Not currently on display at the V&A

Print

1973 (made)
Artist/Maker

This etching of an owl by Charles Russell is part of a collection of images of owls amassed by poet and scholar Walter Strachan (1903-1994). Strachan was fascinated by the art of the book. His interest was inspired by a visit to an exhibition of artists’ books at the National Gallery in London in May 1945. In due course he wrote many articles on the subject, as well as a major reference work, The Artist and the Book in France (published 1969); he also encouraged successive Keepers of the National Art Library at the V&A “to buy them for England.” To this end he visited France every year, to meet the artists, and acquired proof pages to illustrate his articles and to show to potential purchasers of the books, including the V&A. Over the years he amassed a collection of images of owls; some of these were illustrations from livres d’artistes, and others were designed especially for him as gifts or greetings. The collection of owls began with a visit to the artist Roger Chastel (1897-1981) in 1952, where he witnessed the printing of Le Bestiaire de Paul Eluard. In a subsequent article (“Genesis and Growth of a Collection”, for Connoisseur, 1972) he explained: “My article on Chastel’s Bestiaire had the happy result of bringing me a special print on Auvergne paper of the owl which I had admired in the book. Contacts in the art-world of Paris are close and friendly, and I was marked down as an owl-man, in consequence of which I have gradually been given dedicated owl prints and originals in every medium from pen and ink to enamel…”


object details
Categories
Object Type
Materials and Techniques
Etching
Brief Description
Etching, owl in fir tree, by Charles Russell, 1973.
Physical Description
Etching on paper, in black and white, showing an owl in a fir tree.
Dimensions
  • Plate size height: 14.8cm
  • Plate size width: 18.2cm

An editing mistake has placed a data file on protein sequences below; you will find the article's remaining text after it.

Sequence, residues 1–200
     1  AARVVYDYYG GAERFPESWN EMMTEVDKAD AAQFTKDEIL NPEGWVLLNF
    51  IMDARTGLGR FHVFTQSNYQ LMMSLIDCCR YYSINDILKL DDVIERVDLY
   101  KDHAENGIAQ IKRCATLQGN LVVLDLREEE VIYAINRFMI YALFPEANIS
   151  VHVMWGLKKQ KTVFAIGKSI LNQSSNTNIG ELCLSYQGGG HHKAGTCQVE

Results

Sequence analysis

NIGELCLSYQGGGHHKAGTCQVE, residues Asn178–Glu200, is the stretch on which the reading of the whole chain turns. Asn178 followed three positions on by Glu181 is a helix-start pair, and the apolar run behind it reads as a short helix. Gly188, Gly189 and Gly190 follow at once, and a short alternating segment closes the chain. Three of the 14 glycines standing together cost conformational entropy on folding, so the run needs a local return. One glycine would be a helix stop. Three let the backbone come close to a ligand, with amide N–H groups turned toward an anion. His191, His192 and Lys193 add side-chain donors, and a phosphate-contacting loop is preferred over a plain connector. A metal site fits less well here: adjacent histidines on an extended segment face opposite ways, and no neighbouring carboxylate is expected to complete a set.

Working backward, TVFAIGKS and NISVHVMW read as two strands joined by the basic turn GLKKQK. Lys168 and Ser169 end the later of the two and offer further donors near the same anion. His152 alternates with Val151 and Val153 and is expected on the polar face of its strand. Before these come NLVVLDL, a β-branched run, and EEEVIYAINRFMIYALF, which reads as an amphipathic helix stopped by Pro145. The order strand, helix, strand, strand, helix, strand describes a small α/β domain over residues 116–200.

• Sheet size height: 25.2cm
  • Sheet size width: 33cm
Production typeUnique
Copy Number
6/10
Marks and Inscriptions
  • 'Russell '73' (Artist signature and date inscribed in pencil, lower right.)
  • '6/10' (Inscribed in pencil, lower left.)
  • 'For Walter Strachan and / his Congress of Owls. May / the eternal wisdom of these creatures permeate the world. / 16 April '73.' (Inscribed in pencil, lower centre.)
Credit line
Bequeathed by Walter Strachan
Object history
This forms part of a collection of prints, drawings and paintings of owls bequeathed to the V&A by Walter Strachan (1903-1994). Strachan, a scholar and collector of Livres d'Artistes, became friendly with a large number of artists, who, on hearing that he had a fondness for owls, began sending him images to add to his collection.
Production
Reason For Production: Private
Subjects depicted
Summary
This etching of an owl by Charles Russell is part of a collection of images of owls amassed by poet and scholar Walter Strachan (1903-1994). Strachan was fascinated by the art of the book. His interest was inspired by a visit to an exhibition of artists’ books at the National Gallery in London in May 1945. In due course he wrote many articles on the subject, as well as a major reference work, The Artist and the Book in France (published 1969); he also encouraged successive Keepers of the National Art Library at the V&A “to buy them for England.” To this end he visited France every year, to meet the artists, and acquired proof pages to illustrate his articles and to show to potential purchasers of the books, including the V&A. Over the years he amassed a collection of images of owls; some of these were illustrations from livres d’artistes, and others were designed especially for him as gifts or greetings. The collection of owls began with a visit to the artist Roger Chastel (1897-1981) in 1952, where he witnessed the printing of Le Bestiaire de Paul Eluard. In a subsequent article (“Genesis and Growth of a Collection”, for Connoisseur, 1972) he explained: “My article on Chastel’s Bestiaire had the happy result of bringing me a special print on Auvergne paper of the owl which I had admired in the book. Contacts in the art-world of Paris are close and friendly, and I was marked down as an owl-man, in consequence of which I have gradually been given dedicated owl prints and originals in every medium from pen and ink to enamel…”
Collection
Accession Number
E.259-1994

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record createdSeptember 29, 2005
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